A recent Health AffairsHealth Policy Brief reviewed current theories on why, for example, Medicare spent an average of $15,957 per beneficiary in Miami, Florida, and $6,569 per beneficiary in Grand Junction, Colorado, and found most explanations lacking. "Even after multiple factors are considered, some geographic differences remain unexplained," the report states. In 2012, Medicare spent a national average of $9,503 per beneficiary.
The policy brief reviewed research around possible explanations for the disparities, including the amount Medicare pays for services, the health status of beneficiaries, and variations in use. Authors couldn't point to a consistent explanation, nor were they able to discount a 2013 Institute of Medicine report that asserted that higher costs were not always related to better outcomes.
Further complicating matters, according to the report, is the idea that the geographic differences seem to be specific to Medicare. "When researchers look at health care spending for different populations, such as people with private insurance or those covered by Medicaid, they do not find the same patterns seen in Medicare spending," the authors write.
The need is there, the opportunities are there, and the technology is, well, almost there, but when it comes to assessment of low back pain (LBP), the current reality of telerehabilitation (TR) is that more work is needed before a remote approach becomes a fully reliable substitute for in-person interaction. That's the conclusion reached by Australian researchers who compared face-to-face and remote LBP assessments and found that while "important components" of the assessments can be valid when obtained through TR, "some areas of the assessment require further testing and development."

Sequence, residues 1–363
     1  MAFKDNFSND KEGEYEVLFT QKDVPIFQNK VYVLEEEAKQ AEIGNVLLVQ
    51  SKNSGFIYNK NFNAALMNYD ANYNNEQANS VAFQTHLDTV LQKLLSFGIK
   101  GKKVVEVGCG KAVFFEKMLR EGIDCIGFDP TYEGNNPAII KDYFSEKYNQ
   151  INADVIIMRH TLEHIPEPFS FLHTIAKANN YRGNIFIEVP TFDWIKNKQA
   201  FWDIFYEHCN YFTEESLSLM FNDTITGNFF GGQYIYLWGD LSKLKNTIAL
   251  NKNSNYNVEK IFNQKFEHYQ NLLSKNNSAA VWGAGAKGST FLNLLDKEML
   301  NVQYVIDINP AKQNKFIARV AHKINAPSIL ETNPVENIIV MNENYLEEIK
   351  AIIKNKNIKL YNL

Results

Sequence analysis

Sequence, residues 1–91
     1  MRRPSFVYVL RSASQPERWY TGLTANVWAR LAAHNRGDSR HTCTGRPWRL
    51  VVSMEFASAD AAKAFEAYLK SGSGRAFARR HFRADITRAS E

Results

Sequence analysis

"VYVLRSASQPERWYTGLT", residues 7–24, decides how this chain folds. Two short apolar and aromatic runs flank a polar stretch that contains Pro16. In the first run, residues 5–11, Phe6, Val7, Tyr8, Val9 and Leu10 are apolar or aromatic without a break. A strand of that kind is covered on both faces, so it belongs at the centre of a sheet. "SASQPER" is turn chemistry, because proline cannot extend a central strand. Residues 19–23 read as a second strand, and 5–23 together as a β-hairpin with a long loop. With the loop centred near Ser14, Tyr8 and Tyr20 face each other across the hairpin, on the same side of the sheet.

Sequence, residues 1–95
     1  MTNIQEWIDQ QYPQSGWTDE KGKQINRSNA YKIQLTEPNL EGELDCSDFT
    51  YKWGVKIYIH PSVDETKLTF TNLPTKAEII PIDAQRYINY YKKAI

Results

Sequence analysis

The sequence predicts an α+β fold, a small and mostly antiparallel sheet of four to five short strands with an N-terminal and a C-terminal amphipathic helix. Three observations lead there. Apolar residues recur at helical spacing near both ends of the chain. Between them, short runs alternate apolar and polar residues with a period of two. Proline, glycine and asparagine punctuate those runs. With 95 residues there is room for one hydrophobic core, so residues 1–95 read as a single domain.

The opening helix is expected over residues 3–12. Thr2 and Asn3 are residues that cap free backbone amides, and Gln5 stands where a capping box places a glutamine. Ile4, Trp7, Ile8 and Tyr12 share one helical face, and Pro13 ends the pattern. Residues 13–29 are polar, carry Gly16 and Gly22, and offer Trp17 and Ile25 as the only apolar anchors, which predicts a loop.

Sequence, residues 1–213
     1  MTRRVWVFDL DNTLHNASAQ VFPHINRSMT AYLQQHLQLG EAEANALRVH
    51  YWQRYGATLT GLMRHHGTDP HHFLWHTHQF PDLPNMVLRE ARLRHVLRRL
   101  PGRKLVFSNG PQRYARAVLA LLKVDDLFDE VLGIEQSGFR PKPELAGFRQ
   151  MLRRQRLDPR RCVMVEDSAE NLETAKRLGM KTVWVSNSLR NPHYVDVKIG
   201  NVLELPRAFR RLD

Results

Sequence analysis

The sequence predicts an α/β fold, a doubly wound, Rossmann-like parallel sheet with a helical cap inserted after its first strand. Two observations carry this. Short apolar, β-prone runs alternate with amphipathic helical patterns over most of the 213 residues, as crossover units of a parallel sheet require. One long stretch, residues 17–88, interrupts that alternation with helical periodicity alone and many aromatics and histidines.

The study, published in the February 2014 edition of Telemedicine and e-Health (abstract only available for free) focuses on LBP assessments conducted on 26 adult residents of a rural area in Queensland, Australia. The participants reported experiencing LBP currently or within the past 2 years, but not at severe levels nor accompanied by severe neurological symptoms. All participants could mobilize independently, were capable of participating in a safe physical examination, and possessed adequate communication and cognitive function.
Researchers divided the participants into 2 groups, assigning half to undergo a face-to-face LBP assessment followed by a TR assessment, and half to go through the process in reverse order. Outcome measures were then compared relative to disability, pain, posture, active movement, and the straight leg raise (SLR) test. Participants also filled out a questionnaire about their own satisfaction with the TR approach.
Before the study could be conducted, however, researchers needed to create a viable TR system capable of facilitating a LBP assessment—and under realistic conditions. They set up the study in a rural hospital, to be conducted "by rural clinicians, with a group of local participants who have experience with limited access to health services." The technology selected reflected a similar real-world approach, using a 640x480-pixel digital camera that could record moving and still images, a 300mm calibration index, a plinth, and an audio hookup. "The TR assessment was pragmatically designed to require the minimum amount of equipment and setup at the remote end," the authors wrote. Clinicians used "features" of eHAB, a medical videoconferencing system developed by the Telerehabilitation Research Unit at the University of Queensland.